What Are Stacks

A stack is a template of workspace configuration and some meta-information like scope, tags, components, description, name and ID. Stacks are used by User Dashboard to make it easy to create workspaces and well as filter sample projects compatible with a chosen stack.

Stacks are displayed in User Dashboard on Create a workspace page. You can filter them by type (single vs multi machine), scope (the ones displayed by default vs others), as well as search for a stack by keyword.

How Stacks Are Used?

As stacks are workspace templates, they are used to create workspace when in User Dashboard. See: User Guide: Creating and Starting Workspaces.

Community Supported Stacks

The list of stacks Che offers out of the box references tested stacks and sample applications with commands on how to build, run and debug them. There are also stacks contributed by the community which work fine with Che but do not go through daily tests. It is possible however that sample applications may be incompatible with certain stacks.

Community supported stacks and sample apps (if any) are located in Community stacks GitHub repo.

Each directory has ${technology}-stack.json and ${technology}-samples.json. If you want to import a chosen stack, follow the below instructions:

  1. Copy content of a chosen json
  2. Go to ${CHE_HOST}/swagger/#!/stack/createStack, paste JSON content to request body field
  3. Hit Try it out button.

If there’s a conflict with stack ID or name, use a different name or ID (make sure it is unique).

For a multi-user setup, you may want to make your stack available for a particular user or all users in the system. If this is the case, see stack sharing.

To import sample applications, move chosen *-stacks.json files to:

  • ${LOCAL_STORAGE}/instance/data/templates for Docker infra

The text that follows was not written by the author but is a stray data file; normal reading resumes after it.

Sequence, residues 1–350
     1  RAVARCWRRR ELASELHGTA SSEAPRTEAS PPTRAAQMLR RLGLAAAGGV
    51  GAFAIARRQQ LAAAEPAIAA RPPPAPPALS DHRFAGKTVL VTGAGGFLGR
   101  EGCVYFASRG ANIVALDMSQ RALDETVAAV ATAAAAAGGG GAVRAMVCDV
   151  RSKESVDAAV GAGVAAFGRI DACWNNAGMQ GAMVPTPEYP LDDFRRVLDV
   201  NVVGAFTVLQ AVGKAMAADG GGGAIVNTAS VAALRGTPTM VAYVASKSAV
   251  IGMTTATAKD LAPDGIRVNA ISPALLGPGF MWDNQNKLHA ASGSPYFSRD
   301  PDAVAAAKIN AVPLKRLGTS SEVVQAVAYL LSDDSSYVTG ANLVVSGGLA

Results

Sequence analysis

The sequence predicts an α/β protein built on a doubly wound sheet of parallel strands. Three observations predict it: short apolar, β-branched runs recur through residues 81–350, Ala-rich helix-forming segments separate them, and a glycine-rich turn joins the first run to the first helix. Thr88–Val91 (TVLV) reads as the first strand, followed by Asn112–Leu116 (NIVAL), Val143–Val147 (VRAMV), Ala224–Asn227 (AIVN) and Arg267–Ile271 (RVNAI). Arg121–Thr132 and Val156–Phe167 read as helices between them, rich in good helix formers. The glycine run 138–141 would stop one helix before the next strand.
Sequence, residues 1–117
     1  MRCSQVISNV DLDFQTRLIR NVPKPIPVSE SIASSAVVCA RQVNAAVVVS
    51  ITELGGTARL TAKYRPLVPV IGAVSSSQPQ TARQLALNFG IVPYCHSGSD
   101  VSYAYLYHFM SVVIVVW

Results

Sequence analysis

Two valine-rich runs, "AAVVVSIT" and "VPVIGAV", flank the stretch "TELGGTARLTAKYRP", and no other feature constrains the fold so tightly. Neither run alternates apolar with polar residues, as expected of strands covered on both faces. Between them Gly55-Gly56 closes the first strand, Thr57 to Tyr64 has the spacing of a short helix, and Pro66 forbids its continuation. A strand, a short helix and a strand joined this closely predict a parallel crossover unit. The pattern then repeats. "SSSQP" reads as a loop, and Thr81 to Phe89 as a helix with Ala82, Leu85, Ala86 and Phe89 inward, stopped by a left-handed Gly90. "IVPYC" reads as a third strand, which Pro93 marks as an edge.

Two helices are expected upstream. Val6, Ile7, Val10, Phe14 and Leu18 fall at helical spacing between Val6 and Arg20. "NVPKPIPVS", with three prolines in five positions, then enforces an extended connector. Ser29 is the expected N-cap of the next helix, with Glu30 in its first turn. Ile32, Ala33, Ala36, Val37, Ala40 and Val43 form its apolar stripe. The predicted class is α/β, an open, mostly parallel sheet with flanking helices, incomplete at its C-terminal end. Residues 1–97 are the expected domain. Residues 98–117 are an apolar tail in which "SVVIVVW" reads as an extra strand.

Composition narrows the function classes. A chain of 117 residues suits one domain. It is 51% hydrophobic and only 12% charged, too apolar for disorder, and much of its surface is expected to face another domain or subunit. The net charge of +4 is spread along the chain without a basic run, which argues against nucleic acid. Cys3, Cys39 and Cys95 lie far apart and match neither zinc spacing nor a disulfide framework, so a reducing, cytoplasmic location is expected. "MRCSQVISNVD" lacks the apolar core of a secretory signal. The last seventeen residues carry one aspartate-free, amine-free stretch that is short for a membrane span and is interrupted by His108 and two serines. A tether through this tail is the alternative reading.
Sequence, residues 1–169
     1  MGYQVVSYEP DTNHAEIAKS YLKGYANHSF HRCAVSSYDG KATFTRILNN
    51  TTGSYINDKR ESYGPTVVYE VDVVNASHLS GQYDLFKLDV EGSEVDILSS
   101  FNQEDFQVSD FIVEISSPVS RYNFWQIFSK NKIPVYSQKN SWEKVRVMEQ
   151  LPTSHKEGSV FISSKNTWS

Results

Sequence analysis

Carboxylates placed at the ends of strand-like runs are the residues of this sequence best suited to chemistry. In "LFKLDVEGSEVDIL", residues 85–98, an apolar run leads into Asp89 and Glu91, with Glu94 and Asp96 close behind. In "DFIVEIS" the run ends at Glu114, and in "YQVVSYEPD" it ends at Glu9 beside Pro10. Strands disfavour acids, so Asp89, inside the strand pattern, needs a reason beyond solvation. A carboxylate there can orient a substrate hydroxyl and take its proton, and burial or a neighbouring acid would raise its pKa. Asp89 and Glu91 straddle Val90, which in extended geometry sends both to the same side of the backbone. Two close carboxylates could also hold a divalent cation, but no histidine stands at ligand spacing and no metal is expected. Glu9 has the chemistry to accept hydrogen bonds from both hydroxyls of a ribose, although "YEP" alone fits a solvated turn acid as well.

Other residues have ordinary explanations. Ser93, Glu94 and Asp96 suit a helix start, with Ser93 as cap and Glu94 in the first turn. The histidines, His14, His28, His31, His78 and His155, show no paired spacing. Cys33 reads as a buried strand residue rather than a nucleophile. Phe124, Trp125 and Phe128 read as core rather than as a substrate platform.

• ${mount-path-of-che-data-volume}/templates for OpenShift/K8S infra. You will need admin privileges to get PV details (host path) and access to host directory. Also, make sure the new jsons have the same permissions as the original samples.json that you will find there.

You can find Dockerfiles for all stacks in Che Dockerfiles repository.

Stack Sharing and System Stacks

Stacks that a user creates are available only for this user. Che users with system privileges can share created stacks with selected users or all users in the system. Currently, there are no UI controls for that, so a couple of REST calls need to be made:

  • Log in as admin
  • Find your stack ID: go to /swagger/#!/stack/searchStacks to get a list of all stacks (you may filter search by tags). Find your stack my name and get its ID.
  • The next API to use is: /swagger/#!/permissions
  • Find the below POST method:
  • use the following JSON (replace ${STACK_ID} with an actual ID)
{
"userId": "*",
  "domainId": "stack",
  "instanceId": "${STACK_ID}",
  "actions": [
    "read",
    "search"
  ]
}

If you get 204, all users in the system will be able to see this stack. If you want to share a stack with a particular user, get its ID and use it instead of * in JSON.

Similarly, an admin can remove permissions from stacks or remove out of the box stacks to replace them with custom ones. Stacks can be created wither in User Dashboard or using any REST client, for instance Swagger ($CHE_HOST:$CHE_PORT/swagger) bundled with Che.

Stacks Loading

Stacks are loaded from a JSON file that is packaged into resources of a special component deployed with a workspace master. This JSON isn’t exposed to users and stack management is performed in User Dashboard (that uses REST API).

Stacks are loaded from a JSON file only when the database is initialized, i.e. when a user first stats Che. This is the default policy that can be changed. To keep getting updates with new Che stacks, set CHE_PREDEFINED_STACKS_RELOAD__ON__START=true in che.env. When set to true, stacks.json will be used to update Che database, each time Che server starts. This means Che will get all stacks in stacks.json and upload them to a DB. This way, you may make sure that you keep existing custom stacks (user-created) and get stack updates from new Che releases. New and edited stacks (for example those with fixes in stack definition) will be merged in. Conflicts are possible though, since for example, if a new Che version provides a new stack with the name “My Cool Stack” and a stack with this name somehow exists in a database, such a stack won’t be saved to a DB.